China's `Bubble' Steel Prices Seen Holding Advance, For Now

  • Stimulus to spur market before ruling party congress, BCS says
  • Reduction in excess capacity will also help to sustain prices

Chinese steel prices should hold to four-year highs even as levels look stretched, given state efforts to maintain stability before a ruling party meeting in the autumn and longer-term plans to cut output.

“We see this as a bubble,” said Kirill Chuyko, a strategist at BCS Global Markets in Moscow. “But it is likely to remain for another couple of months as the Chinese stimulus should remain fully on until the China National Congress in the beginning of the fourth quarter.”

The Communist Party congress, held every five years, will be led by Chinese President Xi Jinping as the country tries to sustain economic expansion, at the same time as reining in stimulus that’s left it overly reliant on manufacturing for growth.

The spur to demand from booming local factories and construction has pushed up Chinese steel prices and led to a sharp drop in exports. Overseas sales sank 32 percent in July from a year earlier, the lowest level for the month since 2013, according to customs data released on Tuesday. In the first seven months, shipments fell 29 percent.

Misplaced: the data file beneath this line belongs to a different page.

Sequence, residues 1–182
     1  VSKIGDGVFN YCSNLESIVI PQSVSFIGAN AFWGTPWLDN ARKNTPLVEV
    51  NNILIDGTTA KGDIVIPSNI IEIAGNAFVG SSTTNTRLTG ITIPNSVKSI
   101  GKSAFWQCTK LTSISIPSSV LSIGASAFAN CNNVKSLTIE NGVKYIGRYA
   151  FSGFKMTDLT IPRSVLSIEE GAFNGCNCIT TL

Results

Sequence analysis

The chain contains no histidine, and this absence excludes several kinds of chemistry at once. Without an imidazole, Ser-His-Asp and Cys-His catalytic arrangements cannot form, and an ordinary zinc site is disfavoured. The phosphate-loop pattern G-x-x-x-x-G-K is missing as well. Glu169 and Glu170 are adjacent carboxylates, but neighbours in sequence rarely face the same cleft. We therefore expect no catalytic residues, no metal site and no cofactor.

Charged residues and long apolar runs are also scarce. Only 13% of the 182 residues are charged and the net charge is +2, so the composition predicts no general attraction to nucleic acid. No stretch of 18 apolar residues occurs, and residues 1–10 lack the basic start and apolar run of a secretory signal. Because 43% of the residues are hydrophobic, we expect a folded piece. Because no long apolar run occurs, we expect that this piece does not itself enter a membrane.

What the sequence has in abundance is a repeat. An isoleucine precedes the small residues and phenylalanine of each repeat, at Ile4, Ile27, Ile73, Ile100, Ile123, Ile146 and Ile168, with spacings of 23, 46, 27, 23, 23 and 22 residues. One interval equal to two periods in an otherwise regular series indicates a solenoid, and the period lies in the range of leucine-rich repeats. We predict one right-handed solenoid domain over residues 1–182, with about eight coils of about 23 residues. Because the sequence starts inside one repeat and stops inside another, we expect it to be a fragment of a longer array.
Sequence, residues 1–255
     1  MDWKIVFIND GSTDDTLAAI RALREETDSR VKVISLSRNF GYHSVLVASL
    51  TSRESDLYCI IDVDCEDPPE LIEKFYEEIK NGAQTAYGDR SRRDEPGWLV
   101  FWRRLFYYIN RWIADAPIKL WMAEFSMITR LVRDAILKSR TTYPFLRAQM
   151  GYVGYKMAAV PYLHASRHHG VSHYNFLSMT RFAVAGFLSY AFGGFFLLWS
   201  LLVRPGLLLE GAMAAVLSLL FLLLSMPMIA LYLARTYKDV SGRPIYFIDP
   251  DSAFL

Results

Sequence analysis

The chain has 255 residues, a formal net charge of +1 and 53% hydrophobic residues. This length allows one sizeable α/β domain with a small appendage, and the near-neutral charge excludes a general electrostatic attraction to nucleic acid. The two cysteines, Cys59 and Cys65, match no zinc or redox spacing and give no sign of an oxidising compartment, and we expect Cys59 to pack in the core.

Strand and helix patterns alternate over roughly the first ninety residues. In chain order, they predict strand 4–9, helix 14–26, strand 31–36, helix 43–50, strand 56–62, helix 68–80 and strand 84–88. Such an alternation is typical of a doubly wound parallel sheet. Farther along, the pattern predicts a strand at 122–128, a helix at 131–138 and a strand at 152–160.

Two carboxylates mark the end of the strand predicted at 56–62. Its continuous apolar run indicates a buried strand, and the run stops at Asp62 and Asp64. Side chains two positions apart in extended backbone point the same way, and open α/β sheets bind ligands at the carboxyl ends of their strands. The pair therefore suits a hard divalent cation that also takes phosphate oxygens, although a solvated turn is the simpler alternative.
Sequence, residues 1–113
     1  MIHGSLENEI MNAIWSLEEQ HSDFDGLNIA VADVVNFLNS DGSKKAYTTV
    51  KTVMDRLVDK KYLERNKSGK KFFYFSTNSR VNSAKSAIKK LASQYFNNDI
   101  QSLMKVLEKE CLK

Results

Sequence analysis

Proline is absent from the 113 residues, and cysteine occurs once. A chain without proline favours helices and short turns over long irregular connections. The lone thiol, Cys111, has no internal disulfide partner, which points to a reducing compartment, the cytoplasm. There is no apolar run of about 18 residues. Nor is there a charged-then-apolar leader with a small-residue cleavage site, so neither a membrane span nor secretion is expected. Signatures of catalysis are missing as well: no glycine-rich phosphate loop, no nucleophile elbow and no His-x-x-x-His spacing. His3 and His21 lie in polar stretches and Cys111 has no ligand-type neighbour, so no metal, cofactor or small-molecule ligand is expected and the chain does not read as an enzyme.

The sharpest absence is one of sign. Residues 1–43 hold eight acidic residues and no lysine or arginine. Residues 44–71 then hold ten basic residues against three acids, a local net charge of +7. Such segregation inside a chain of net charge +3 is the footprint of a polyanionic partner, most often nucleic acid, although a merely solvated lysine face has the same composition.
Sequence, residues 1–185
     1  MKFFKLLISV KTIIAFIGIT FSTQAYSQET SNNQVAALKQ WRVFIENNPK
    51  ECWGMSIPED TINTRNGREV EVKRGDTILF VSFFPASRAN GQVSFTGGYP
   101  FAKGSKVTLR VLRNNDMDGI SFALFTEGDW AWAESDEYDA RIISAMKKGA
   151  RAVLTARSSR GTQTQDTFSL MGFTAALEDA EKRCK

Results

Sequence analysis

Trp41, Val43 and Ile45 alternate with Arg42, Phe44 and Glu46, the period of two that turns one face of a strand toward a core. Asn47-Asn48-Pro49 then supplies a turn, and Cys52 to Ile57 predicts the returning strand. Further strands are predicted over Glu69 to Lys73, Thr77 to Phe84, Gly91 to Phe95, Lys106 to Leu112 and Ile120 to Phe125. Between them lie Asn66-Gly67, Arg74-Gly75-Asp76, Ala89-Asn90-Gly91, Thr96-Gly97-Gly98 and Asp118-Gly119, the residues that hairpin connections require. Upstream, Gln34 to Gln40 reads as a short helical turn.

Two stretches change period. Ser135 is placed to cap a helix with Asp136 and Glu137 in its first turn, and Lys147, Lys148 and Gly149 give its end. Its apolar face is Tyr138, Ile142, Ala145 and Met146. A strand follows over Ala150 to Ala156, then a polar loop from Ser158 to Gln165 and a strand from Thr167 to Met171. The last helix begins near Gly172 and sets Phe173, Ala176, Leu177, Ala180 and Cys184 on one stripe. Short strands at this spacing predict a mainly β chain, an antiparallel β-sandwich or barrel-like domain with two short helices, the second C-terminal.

The decline in Chinese exports is benefiting international producers. ArcelorMittal, the biggest steelmaker, reported its best six months’ profit in half a decade last month. At the same time, Chinese producers are gaining from surging margins between steel prices and costs such as iron ore and coking coal.

The shift, along with plans by China to shutter excess capacity, has blunted accusations by U.S. politicians including President Donald Trump that a flood of cheap Chinese steel is destroying jobs for steelworkers abroad. China plans to close 50 million metric tons of steel capacity this year and as much as 150 million tons in the five years ending 2020 as it seeks to make the industry less dependent on the state.

“While Chinese steel margins appear unsustainably high, mounting supply restrictions may prolong the current upcycle to the benefit of global steelmakers,” said Seth Rosenfeld, an analyst at Jefferies International. “Chinese supply side reform, leading to lower exports at higher prices, has done far more to buoy global steel markets than Trump or any other Western politician could achieve.”

Aditya Mittal, chief financial officer of ArcelorMittal, said last month that steel margins have exceeded normal ranges and may fall back. “The number we’re seeing today has some risks,” he said. “What if the demand growth does continue as strongly in 2018 and 2019? That is the most significant risk that exists.”

China’s steel markets softened on Thursday, with reinforcement bar on the Shanghai Futures Exchange falling 1 percent to 3,967 yuan a ton by 10:09 a.m. The product used in construction is still up 38 percent this year.

— With assistance by Martin Ritchie

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